So you may want to verify your values and check for hidden costs (like Hausgeld), and especially the expected rental income, as for Berlin, 1500€ net rental income is relatively high for a 285k€ property (unless you got a really good deal).

• Decision to buy or rent isn't just dictated by the ability to "break even". Not everyone can get access to 285k in credit and for a city like Berlin i would expect that to be on the lower side of property prices. Plenty of stories going around of people being refused mortgages with monthly payments lower than the rent they are already paying. Aug 10 at 10:39
• @bracco23 Yes, of course not everyone can or wants to buy, and I shortend that thought (the actual question was about taxation, so this was just a side note), but in general, if there were no risks (which are also part of the costs), no supplement costs and no opportunity costs (e.g. a downpayment could currently make risk free 3-4%), no bank would need to deny a mortgage to anyone who can pay rent. If they do, it's probably not risk free. I just wanted to make OP aware that buying a flat is not necessarily free money, so there might be something they missed. If not, even better. Aug 10 at 11:41
• Appreciate the advice, thank you so much @Solarflare! I actually have won a bid for a 52m2, 2-room apartment in prime Mitte, 520m from museum island. Owner started private bidding from really low, 200k, don't know why. Market lacks competition probably due to high (4.5%) interest rates. I'm in a spacious 4-room apartment now, so transitioning to a smaller space isn't feasible. I'm aware of the potential; a friend pays 1800 euros for 60m2 here. Aiming for 1500 euros in rent seems realistic for me. Overall, I am excited! and aiming for short-term tenants and make apartment furnished Aug 19 at 20:46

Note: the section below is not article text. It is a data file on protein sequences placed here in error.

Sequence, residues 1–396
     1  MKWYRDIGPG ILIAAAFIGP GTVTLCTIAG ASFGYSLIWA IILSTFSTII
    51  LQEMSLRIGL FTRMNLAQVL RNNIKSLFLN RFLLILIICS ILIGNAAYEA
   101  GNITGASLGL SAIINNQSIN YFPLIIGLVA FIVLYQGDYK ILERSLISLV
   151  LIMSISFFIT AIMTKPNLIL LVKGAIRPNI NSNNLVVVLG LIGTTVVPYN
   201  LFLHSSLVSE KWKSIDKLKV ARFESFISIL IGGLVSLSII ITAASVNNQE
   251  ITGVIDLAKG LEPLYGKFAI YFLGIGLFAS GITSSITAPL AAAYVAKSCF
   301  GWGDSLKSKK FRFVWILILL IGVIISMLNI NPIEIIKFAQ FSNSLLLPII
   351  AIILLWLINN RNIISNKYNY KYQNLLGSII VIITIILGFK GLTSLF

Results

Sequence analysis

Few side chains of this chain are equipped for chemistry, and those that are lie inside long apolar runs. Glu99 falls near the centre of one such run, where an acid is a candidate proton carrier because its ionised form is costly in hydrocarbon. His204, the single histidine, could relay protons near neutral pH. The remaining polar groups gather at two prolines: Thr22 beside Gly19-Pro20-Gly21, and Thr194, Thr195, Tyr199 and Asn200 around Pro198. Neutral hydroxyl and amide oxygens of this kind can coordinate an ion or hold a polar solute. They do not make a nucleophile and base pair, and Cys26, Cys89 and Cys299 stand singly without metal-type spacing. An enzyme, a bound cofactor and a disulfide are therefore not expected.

• @Alok Nath Congratulation! You did cool deal. Remember that short-time still should not be daily rent -- individuals are allowed to rent their apartments on daily basis till 2 months in many German cities. Sep 8 at 8:45
• @EugeneKaurov AfA is based on the value you paid (minus the part for the land, as the tax office assumes that land keeps its value), and will not grow on it's own (it can increase if you do e.g. large renovations, though). Sep 8 at 16:03